“Let me say that I am not anti-Christian by any means, it is a worthy faith for gentiles but for Jews it is, or ought to be, an absolute no-no. I’ve a feeling that the phrase ‘mutually exclusive’ is an Achilles heel for these self-described Messianic Jews as several times it is mentioned and dismissed. Perhaps the author is getting in her retaliation first? However the awkward truth is that Judaism and Christianity ARE mutually exclusive; stripping ‘Jews for Jesus’s beliefs of accoutrements, either Jesus was the messiah or he wasn’t. If he was, then Judaism has no validity, if he wasn’t then ditto for Christianity and to attempt to synthesise two differing and opposing religions is bound to fail. Both are necessarily diminished.

“Of course, religion is a matter of belief and not of scientific proof. Most of the arguments put forward for the Rosens’s conversion to their conviction that Jesus is the Messiah could be shot down from a Jewish perspective by any competent rabbinical student tout de suite. More’s the pity then that the rabbi to whom Rosen turned for reasons for Jews not to embrace the daughter faith was inadequate and failed miserably in the task. How different it all might have turned out had that rabbi been more knowledgeable!

“For example, the Messiah (Hebrew: Mashiach) means ‘anointed one’ - without any supernatural connotations – a figure who will bring universal peace, gather in all the exiles of Israel and rebuild the Temple. Clearly Jesus didn’t manage this and there are no references to a second coming of this person in the Hebrew Bible for him to have a second chance. The Messiah will also be a descendent of King David through the paternal line and therefore claims that Jesus had no human father are rather hard to reconcile with this condition. If the undisputed messiah were to appear tomorrow no Jew would worship him as that must be reserved for God alone.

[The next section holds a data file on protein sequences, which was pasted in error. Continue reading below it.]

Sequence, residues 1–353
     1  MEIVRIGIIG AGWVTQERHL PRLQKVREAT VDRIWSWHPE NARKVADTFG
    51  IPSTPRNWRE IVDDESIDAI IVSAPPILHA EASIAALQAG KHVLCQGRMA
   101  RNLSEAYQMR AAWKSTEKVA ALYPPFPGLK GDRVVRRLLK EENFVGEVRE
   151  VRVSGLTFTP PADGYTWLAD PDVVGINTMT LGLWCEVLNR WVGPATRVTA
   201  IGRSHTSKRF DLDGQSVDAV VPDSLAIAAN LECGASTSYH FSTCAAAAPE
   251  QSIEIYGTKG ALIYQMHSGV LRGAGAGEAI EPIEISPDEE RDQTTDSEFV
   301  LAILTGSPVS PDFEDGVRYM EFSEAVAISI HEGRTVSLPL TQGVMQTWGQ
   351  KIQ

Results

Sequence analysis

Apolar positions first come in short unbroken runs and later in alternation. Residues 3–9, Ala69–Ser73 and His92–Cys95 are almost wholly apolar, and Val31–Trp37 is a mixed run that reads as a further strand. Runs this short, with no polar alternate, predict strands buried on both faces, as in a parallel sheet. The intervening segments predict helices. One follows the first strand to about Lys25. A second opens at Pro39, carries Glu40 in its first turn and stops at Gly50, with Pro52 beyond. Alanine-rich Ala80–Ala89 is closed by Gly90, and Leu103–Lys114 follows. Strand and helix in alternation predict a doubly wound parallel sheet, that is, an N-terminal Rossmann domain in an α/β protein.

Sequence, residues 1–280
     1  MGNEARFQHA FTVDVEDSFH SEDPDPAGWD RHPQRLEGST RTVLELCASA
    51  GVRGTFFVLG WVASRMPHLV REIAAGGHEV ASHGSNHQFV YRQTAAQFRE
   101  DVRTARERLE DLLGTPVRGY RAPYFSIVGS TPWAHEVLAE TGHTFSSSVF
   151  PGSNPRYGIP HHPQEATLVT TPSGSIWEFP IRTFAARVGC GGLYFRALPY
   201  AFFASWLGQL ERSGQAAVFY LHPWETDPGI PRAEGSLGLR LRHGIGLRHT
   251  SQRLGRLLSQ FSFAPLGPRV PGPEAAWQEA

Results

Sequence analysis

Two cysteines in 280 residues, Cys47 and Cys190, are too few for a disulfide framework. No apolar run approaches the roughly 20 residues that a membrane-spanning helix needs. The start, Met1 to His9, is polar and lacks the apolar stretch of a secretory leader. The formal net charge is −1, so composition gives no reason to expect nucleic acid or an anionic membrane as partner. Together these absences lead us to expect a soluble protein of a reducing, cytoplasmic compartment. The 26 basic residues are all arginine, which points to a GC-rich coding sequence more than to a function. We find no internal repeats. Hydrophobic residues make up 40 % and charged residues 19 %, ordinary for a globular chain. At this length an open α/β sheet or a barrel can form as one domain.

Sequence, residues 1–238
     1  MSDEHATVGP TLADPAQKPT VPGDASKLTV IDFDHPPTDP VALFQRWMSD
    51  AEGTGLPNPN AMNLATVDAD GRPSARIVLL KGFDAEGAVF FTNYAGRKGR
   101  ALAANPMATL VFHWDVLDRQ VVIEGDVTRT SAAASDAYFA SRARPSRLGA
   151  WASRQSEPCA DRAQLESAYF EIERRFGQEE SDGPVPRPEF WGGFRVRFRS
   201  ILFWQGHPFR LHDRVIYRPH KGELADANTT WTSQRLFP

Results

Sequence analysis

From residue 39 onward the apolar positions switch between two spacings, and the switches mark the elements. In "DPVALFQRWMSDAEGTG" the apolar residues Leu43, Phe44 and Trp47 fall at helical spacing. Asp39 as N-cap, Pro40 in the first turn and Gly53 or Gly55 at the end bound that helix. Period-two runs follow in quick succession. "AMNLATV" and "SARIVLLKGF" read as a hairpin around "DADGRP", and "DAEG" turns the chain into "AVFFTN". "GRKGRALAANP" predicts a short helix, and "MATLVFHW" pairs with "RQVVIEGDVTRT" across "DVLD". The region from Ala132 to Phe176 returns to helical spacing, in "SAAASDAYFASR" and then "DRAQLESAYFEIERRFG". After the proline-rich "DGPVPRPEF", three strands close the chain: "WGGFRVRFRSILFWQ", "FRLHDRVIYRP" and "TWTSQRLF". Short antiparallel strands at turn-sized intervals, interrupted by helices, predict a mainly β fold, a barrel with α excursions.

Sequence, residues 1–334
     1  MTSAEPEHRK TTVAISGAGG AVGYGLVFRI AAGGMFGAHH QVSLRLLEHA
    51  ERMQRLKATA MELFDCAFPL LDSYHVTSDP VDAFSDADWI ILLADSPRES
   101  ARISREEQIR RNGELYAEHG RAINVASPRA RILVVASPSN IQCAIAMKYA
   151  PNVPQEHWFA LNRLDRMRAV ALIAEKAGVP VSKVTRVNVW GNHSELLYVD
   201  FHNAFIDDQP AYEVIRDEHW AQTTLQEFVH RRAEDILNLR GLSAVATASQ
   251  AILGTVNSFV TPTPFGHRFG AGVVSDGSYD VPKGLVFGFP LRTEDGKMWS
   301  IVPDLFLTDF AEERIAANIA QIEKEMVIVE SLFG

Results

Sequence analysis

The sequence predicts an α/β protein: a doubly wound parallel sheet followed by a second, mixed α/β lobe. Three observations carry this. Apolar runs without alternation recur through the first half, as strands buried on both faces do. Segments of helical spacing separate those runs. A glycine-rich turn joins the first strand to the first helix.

“Other claims that Jesus is foretold as the messiah are just as easy to refute; for example the ‘virgin birth’. The Hebrew word for ‘virgin’ is always ‘betulah’ but the word used in Isaiah 7:14 is ‘alma’ means a young woman, not necessarily one who has not had sexual relations. Additionally the quote most often used to justify the claim that Jesus was the messiah comes from Isaiah, chapter 53, the ‘suffering servant’. This refers to the People Israel (in the Hebrew masculine singular grammatical form) and follows on from this theme previously articulated in chapter 52.

“Unlike other religions, Judaism doesn’t just rely on the word of one founder prophet who claims divine revelation unheard by any other person, rather the Torah was given to the whole Jewish People publicly and collectively “those who are here and those who are not here” at Mount Sinai.

“People of different faiths can be great friends and have a deep respect for the other’s beliefs. However problems arise when one of the parties insists that the other’s religion is erroneous, or at least ‘incomplete’, and begins exerting pressure to force his beliefs upon that person. This is arrogance (despite Moishe Rosen’s assertion that “no Christian wants to be arrogant”) even if well-intentioned and raises barriers –and hackles- between former friends. Missionary groups to Jews whether they be of the Jewish or gentile variety fall into this category. Jewish communities therefore close ranks in the interest of self-preservation against the soul-snatchers just as much as they would against those who wish to harm Jews physically.

“From the emergence of Christianity two millennia ago and later with the rise of Islam, Jews have been coerced to convert to the new religions and when that failed, were scourged, tortured, whipped and finally murdered in the attempt to force compliance but still most would not deny their faith, preferring a martyr’s death to apostasy. That any Jew would voluntarily become an apostate and, infinitely worse, seduce other Jews to do the same, is what produces the aforementioned sadness and anger in me.”

BRIAN FINK

* Called to Controversy is published by Thomas Nelson @ US $22.99 (approx. £14.35).